Tom's Blog

Monday, April 3, 2017

Pattern formation in little bluestem prairie

The little bluestem in our tallgrass prairie is so lush that the underlying growth pattern can’t be seen until it is burned. A close look at the burned half of this photo will reveal the individual clumps, which are shown in more detail in the second photo.

Fire moving across the South Slope little bluestem prairie. The bluestem clumps are visible in the burned portion.

Close up of the burned little bluestem clumps. The distance between clumps is about 12 inches (~30 cm).
 Little bluestem (Schizachyrium scoparium) is a classic bunchgrass and is widespread in North America. Each individual “bunch” is a complex of tightly joined tillers that arise from buds just below the soil surface. Little bluestem evolved where the fire regime constitutes frequent, generally annual, burns. In the absence of frequent burns, little bluestem grows poorly.

On dry sites such as ours, little bluestem grows in separate, erect clumps, with bare ground between plants. Each bunch is a clone, derived originally from a seed. The bluestem clone can have several hundred stems crowded into a patch of 5-10 inches in diameter.

Research in Texas has shown that the individual stems (called ramets) of the clone are integrated physiologically, with transfer of resources from older to juvenile ramets.

The mature root system consists of a huge network of roots, which spread out from the clump. Although most clones flower, seed production is not prolific, and is not too important in a mature stand.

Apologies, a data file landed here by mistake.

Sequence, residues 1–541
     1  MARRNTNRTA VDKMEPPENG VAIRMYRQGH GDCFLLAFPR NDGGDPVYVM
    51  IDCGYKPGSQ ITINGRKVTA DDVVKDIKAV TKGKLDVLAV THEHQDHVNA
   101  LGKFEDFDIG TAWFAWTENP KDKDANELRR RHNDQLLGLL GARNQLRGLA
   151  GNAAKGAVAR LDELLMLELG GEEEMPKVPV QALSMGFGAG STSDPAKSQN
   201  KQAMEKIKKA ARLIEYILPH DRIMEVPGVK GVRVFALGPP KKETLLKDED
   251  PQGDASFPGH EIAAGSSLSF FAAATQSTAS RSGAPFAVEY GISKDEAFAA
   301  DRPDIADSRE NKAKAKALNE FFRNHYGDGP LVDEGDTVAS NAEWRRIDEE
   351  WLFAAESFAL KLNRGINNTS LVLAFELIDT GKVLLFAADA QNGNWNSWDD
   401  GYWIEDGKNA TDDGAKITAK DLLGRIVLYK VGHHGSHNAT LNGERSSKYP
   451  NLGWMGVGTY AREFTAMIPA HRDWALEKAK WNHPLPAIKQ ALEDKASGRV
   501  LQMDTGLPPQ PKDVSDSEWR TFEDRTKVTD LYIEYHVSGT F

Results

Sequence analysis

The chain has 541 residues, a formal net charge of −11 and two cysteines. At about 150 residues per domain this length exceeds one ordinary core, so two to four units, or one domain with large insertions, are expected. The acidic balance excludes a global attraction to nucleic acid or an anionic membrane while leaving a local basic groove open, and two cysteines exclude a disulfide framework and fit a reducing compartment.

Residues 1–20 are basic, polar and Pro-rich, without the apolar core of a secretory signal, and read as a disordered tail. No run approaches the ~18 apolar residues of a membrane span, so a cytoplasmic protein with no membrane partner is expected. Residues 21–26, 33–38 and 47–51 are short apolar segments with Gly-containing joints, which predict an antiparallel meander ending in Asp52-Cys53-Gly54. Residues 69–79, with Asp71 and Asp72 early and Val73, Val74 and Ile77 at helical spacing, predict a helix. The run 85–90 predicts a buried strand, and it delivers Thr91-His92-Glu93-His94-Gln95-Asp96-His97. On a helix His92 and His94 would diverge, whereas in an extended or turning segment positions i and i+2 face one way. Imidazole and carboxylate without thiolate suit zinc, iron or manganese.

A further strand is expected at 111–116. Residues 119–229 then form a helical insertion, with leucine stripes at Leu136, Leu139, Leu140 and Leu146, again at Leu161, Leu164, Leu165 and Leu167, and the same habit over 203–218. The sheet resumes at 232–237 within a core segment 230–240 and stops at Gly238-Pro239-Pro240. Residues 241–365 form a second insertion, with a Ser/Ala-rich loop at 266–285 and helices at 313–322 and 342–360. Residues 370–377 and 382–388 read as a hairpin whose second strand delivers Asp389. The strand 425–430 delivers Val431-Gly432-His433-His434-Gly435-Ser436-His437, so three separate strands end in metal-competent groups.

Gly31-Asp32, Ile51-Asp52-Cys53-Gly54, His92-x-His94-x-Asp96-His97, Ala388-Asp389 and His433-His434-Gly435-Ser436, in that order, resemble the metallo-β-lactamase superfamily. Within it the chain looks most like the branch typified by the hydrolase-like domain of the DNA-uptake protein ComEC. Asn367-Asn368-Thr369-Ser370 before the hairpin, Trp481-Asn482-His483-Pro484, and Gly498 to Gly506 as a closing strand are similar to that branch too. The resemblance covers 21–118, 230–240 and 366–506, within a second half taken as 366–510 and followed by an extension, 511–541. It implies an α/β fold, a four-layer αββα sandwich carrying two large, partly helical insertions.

The individual ramets in a bluestem clone are fairly short lived (mostly 2-3 years or less), and new ramets are produced to offset mortality. As new ramets are formed, older ones die and decompose. Long-lived clones often have hollow crowns due to death and decomposition of older ramets in the center. The age of a single clone may be as long as 50 years, but eventually the clone dies.

A lot of research has been carried out on the physiological processes by which the bluestem clone grows and maintains itself. Even if seeds of little bluestem are planted in a uniform manner across a field, regular patches develop. It seems evident that clones in a prairie compete with each other for one or more essential resources: water, light, nitrogen, etc. Those clones that get started earlier will have more roots and above-ground plant material to draw on vital resources and will hence win out. The end result is a pattern of clones with bare ground between them.

Although each bunch of little blue keeps other bunches away, the bare spaces between bunches are not barren, as other species can grow there. Here are two photos showing prolific growth of prairie forbs in the bare spaces between the little bluestem.

Violet wood sorrel in flower (with other species) among the little bluestem clumps in mid-May, 2014.
Butterfly milkweed and other forbs growing profusely in the bare patches between little bluestem clumps, July 1, 2014


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